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  1. Project
29 February 2012

Rumpke Recycling Material Recovery Facility Expansion

Rumpke Recycling has been operating its 68,000ft² Columbus, Ohio, material recovery facility since 1992. The facility uses single stream recycling to sort dry recyclables.
Rumpke Recycling's Columbus materials recovery facility processes dry recyclables including newspapers, paper bags, plastic bottles, glass bottles and aluminium cans. Image courtesy of Machinex.
The first phase of an upgrade programme for the Columbus facility was opened in August 2011. Image courtesy of Machinex.
The disc screener installed at the facility is designed for cardboard to float on the rotating discs while containers fall between the spaces. Image courtesy of Rumpke Recycling.
Flat fraction separators remove small pieces of paper from the material and separate it from the recycling stream. Image courtesy of Rumpke Recycling.
The glass clean-up system of the facility removes impurities from the glass using air and mechanical separation. Image courtesy of Machinex.

Rumpke Recycling has been operating its 68,000ft² Columbus, Ohio, material recovery facility since 1992. The facility uses single stream recycling to sort dry recyclables including newspapers, paper bags, paperboard, plastic bottles, glass bottles and aluminium cans.

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In 2009, Rumpke launched a $15m two-phase renovation programme to upgrade and install modern equipment at the facility. Phase one of the renovation programme opened in August 2011. The expansion project is expected to be completed by the end of 2012.

The MRF receives material from Greater Columbus and other locations including Chillicothe, Circleville, Ironton, Mansfield and Mt. Vernon. In 2012, the facility is expected to process 95,000-100,000t of recyclables.

Expansion of the recycling complex

Site improvements, such as construction of a new pavement, on-site fuel stations,and installation of lighting equipment formed part of the initial works. Scales used to weigh trucks unloading recyclables were relocated. A part of the facility was demolished and replaced by a 28,000ft² section.

The upgrade project was undertaken to reduce the facility’s reliance on manual sorting. Before the upgrade project, the facility was able to process 30,000lb/h of material. It is now capable of handling 60,000lb/h of material.

Equipment installed at the Columbus material recovery facility

"In 2009, Rumpke launched a $15m two-phase renovation programme to upgrade and install modern equipment at the facility."

The facility was upgraded with the installation of new equipment supplied by Machinex. It includes two processing lines – one line to process single stream material and another commercial line to feed the baler. More than 2,530ft of conveyor belts run through the facility.

The container line includes eddy current separators, disc screeners, glass clean-up systems, flat fractions separators and sorting units. Five new optical scanners and overhead magnets were also installed to enable recyclables to be automatically sorted.

Rumpke added cartons and juice boxes to its list of acceptable materials for recycling. It added a dedicated scanner to separate the cartons. The state-of-the-art glass clean-up system at the facility include screens, trommels and air separation units.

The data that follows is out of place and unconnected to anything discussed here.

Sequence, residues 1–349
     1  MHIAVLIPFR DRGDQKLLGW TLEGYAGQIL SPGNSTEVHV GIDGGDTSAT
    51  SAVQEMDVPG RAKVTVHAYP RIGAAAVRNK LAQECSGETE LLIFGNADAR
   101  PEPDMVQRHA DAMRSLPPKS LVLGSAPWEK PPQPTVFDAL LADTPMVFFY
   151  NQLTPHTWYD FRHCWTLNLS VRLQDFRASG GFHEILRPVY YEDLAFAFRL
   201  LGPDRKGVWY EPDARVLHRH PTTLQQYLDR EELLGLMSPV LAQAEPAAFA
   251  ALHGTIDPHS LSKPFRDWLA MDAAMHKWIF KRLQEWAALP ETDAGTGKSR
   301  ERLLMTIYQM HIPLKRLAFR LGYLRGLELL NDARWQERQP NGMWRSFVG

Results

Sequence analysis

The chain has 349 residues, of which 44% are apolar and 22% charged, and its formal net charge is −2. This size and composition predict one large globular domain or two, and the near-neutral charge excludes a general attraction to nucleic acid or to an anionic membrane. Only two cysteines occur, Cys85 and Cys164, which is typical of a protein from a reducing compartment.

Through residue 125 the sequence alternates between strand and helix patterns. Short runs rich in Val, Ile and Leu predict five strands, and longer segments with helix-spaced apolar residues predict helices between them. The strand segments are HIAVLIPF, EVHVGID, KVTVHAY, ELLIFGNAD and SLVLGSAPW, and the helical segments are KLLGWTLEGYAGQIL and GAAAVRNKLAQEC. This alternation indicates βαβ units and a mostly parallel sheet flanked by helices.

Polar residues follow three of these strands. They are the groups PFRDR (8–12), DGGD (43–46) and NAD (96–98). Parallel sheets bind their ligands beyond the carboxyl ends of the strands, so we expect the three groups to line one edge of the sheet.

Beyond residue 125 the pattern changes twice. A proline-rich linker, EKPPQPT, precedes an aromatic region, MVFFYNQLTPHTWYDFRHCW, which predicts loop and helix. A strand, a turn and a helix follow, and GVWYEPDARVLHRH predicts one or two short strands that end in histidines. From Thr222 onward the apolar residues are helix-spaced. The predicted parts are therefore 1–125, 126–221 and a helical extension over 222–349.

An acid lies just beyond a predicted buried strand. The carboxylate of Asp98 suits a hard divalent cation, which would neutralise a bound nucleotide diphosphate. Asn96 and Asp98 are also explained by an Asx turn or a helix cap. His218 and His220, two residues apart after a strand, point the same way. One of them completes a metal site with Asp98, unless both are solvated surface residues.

A baling machine supplied by IPS Balers is also part of the facility. The machine compresses old corrugated containers into 30in x 60in bales weighing 1,400lb.

It also processes old newspapers at the rate of 20-22t/h. The bales produced by the machine are idle for transportation and reduce transportation costs for Rumpke.

Process used at Rumpke’s Ohio recycling facility

Recyclables arriving at the facility are unloaded onto a tipping floor from where they pass through the drum feeder. Compacted recyclables are loosened by the drum feeder and passed onto the manual pre-sorting station.

"Rumpke added cartons and juice boxes to its list of acceptable materials for recycling. It added a dedicated scanner to separate the cartons."

Workers manually sort the recyclables and separate unwanted items. The workers are trained to identify items which cannot be recycled and remove them from the processing line. Any bags present are passed through a bag breaker system. Materials are then passed through several spinning discs which enable cardboard to float. They are then passed through a second sorting station where the cardboard and plastic bags are removed.

Materials then pass through another set of spinning disc screens, enabling paper to float and bottles, cans and glass to sink. Optical scanners are then used to separate plastic bottles, paper and cartons.

The material is then passed over a conveyor through a flat fraction separator. The fans of the separator spin in a reverse direction to attract any paper present, while the rest of the material remains on the conveyor. High power magnets then remove steel containers while bag vacuums remove plastic bags.

Recovered plastic, cans and paper are baled and transported to reprocessors. Each bale weighs nearly 1,500lb.

Glass bottles are directed towards an 80t glass silo where they are broken using scalping screen and fines screen. A series of screens separates the broken mixed glass. Air and mechanical separation removes impurities from the glass.

The recovered glass is sent to Rumpke’s glass processing plant in Dayton, Ohio. The glass is further processed at the Dayton facility and sold to fiberglass insulation and container glass companies.

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